Up with the sparrows, thanks to Calliope, and soon down to work to finish more referencing work on eye diseases. This completed in a few hours (wondering if I'd rather stick needles in my own eyes than write about doctors sticking needles in people's eyes) I hurried off to the gym for a light workout, which I have to say I enjoyed. Back to put my thoughts together for the Guernsey anthology proposal in the afternoon. Finished the day by receiving feedback on the referencing, and I need to do some more. Gah! Pop.
Was very pleasantly surprised by the postman today (oo-er missus) bearing a surprise present from Carl. It was Rick Wakeman's book Grumpy Old Rock Star, which Carl had dedicated and everything. I called to thank him. He still hasn't had his gall bladder sorted out, which must be like sleeping with a snub nosed gun pressed into your side.
Thinking of the Liverpool-loving Jayne and Nev later too as Liverpool were playing Chelsea in a nerve jangling second leg of their European Cup tie - a 4-4 thriller, allowing Chelsea to go through on the aggregate score. Thankfully the forces of rightness prevailed. Before then there were panicked calls from Anton as Liverpool rampaged away with the first half. Chelsea were so poor I couldn't watch for 10 minutes, but there was no escape as Anton called me up with a running commentary. He takes an even dimmer view of Liverpool than he does Chelsea.
Spent the rest of the night quietly reading Wakeman's anecdotes, which as a die-hard Yes fan, is required reading. He lurked about in North West London as a young man, as Carl and I did, which adds another level of familiarity. Rick was the only member of the Yes pantheon that you could imagine having a belly laugh with.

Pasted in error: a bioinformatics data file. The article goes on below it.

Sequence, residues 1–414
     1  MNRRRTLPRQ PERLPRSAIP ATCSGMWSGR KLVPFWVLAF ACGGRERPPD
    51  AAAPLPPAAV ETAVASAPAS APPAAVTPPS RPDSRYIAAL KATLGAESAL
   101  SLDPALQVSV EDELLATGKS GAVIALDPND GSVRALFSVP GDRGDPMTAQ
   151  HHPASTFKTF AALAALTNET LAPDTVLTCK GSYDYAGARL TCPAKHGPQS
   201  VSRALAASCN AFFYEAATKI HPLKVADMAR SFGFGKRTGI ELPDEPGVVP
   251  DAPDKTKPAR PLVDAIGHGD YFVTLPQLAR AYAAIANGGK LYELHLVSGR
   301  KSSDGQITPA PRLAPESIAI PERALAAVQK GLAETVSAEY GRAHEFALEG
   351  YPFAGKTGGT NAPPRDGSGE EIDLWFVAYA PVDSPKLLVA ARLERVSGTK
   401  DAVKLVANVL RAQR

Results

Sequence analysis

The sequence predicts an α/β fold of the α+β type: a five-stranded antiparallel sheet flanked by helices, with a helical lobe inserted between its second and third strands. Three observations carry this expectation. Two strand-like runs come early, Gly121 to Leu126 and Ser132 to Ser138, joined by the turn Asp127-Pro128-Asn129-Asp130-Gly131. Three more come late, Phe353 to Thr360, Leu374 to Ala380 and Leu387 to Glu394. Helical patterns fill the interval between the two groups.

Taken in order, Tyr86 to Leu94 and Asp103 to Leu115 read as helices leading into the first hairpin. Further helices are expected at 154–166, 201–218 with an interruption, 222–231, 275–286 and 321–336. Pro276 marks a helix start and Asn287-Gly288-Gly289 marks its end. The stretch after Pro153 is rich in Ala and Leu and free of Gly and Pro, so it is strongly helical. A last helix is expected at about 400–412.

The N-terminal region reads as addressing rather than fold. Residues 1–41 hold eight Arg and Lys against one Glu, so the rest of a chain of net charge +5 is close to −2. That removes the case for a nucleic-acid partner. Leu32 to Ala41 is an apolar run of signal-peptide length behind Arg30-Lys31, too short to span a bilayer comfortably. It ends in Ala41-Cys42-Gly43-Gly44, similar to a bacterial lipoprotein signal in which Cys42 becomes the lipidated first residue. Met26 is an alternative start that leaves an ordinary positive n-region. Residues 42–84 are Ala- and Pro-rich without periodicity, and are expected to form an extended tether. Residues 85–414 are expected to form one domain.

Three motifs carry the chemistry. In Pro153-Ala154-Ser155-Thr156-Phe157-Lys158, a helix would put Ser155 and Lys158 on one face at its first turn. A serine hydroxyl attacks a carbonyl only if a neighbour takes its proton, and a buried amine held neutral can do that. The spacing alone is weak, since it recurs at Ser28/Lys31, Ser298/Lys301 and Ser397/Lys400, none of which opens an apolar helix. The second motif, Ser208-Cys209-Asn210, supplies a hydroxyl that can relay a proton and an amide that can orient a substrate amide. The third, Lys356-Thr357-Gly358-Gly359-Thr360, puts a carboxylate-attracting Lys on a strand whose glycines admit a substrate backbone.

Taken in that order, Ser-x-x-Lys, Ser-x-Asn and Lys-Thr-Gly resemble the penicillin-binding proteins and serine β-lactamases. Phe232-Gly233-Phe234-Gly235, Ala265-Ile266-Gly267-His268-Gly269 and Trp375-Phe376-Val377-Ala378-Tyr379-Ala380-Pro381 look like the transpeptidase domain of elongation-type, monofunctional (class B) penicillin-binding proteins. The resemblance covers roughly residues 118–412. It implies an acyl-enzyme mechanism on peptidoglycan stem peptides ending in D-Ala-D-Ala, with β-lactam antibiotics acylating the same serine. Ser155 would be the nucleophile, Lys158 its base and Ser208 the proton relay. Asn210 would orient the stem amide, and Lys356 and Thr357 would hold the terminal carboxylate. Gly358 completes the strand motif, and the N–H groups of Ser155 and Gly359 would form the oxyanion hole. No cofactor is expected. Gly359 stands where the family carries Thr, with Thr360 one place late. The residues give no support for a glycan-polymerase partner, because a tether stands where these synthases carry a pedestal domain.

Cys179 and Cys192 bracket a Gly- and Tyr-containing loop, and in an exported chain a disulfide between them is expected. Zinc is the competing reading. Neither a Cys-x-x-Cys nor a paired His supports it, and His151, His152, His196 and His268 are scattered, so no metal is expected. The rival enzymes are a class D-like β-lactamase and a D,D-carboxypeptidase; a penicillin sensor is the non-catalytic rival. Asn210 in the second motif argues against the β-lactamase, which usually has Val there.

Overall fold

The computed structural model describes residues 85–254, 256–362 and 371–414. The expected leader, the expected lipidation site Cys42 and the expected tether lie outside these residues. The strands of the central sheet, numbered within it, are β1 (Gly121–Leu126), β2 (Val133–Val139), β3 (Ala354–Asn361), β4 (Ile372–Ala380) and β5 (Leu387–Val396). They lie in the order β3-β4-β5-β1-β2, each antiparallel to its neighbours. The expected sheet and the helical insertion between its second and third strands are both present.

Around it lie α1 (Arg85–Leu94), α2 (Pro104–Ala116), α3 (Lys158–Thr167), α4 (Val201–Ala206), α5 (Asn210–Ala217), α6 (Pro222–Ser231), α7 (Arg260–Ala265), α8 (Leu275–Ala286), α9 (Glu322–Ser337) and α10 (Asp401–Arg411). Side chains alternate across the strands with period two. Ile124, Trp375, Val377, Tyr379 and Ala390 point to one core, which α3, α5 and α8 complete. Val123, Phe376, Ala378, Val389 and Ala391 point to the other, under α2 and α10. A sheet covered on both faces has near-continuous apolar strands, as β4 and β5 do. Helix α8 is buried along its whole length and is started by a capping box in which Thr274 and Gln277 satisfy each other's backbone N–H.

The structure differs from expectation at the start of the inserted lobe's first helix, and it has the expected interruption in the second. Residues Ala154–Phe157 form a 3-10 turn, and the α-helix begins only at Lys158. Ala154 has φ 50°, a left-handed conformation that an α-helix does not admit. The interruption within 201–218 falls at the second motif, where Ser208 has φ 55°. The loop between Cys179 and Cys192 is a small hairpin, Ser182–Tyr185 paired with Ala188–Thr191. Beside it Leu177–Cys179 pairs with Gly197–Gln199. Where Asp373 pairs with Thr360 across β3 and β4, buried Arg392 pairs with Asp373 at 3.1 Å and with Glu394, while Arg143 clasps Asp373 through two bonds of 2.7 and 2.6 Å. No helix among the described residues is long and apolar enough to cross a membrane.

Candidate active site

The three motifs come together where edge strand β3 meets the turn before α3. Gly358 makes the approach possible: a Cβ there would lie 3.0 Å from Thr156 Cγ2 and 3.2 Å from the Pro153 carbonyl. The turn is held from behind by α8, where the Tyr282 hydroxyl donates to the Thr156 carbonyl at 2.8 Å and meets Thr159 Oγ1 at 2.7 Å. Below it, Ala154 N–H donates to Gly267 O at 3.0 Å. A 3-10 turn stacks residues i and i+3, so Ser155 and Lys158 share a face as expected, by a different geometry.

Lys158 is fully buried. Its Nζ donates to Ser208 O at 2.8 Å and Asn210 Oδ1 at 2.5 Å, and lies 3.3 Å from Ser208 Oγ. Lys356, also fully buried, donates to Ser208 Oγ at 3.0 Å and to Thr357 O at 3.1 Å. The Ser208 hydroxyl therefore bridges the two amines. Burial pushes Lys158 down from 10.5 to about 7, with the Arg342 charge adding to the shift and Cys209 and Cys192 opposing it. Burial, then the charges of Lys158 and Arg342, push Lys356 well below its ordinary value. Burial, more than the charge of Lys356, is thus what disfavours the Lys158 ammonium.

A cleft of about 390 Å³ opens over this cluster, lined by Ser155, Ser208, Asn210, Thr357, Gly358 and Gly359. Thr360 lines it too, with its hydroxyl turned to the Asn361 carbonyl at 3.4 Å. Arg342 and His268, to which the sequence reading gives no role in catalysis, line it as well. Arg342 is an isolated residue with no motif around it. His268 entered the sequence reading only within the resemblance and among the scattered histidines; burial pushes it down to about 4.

Below the understated Rick Wakeman in his heyday.
Monday, April 13, 2009
Below Beth and Mark being Mrs Tiggy-Winkle and Peter Rabbit for a children's charity, something they had been doing for a few days. The kids were Mesmerised by them of course, and the sun finally emerged as the long weekend faded.
Sunday, April 12, 2009
Easter Sunday with my Godchildren
Up early to get on with things, but my glasses, now sadly necessary for reading and writing, had been left at Lorraine's house. Thwarted again.
When the day was rebooted, Lorraine and I went out shopping for easter eggs, wine and CDs. I bought the Welcome to Mali by Amadou and Mariam having loved their last album, and Theolonious Monk's Greatest Hits which the Cat with the Hat had introduced me to. Lorraine bought Fleet Foxes, and Elvis Perkins, and Gomez - things which are not plinky-plonky. I have learned that quite a bit of my music falls into the plinky-plonky genre - it is a wide-ranging genre, which includes much jazz, prog, early blues, and classical music that uses atonality or too much dissonance.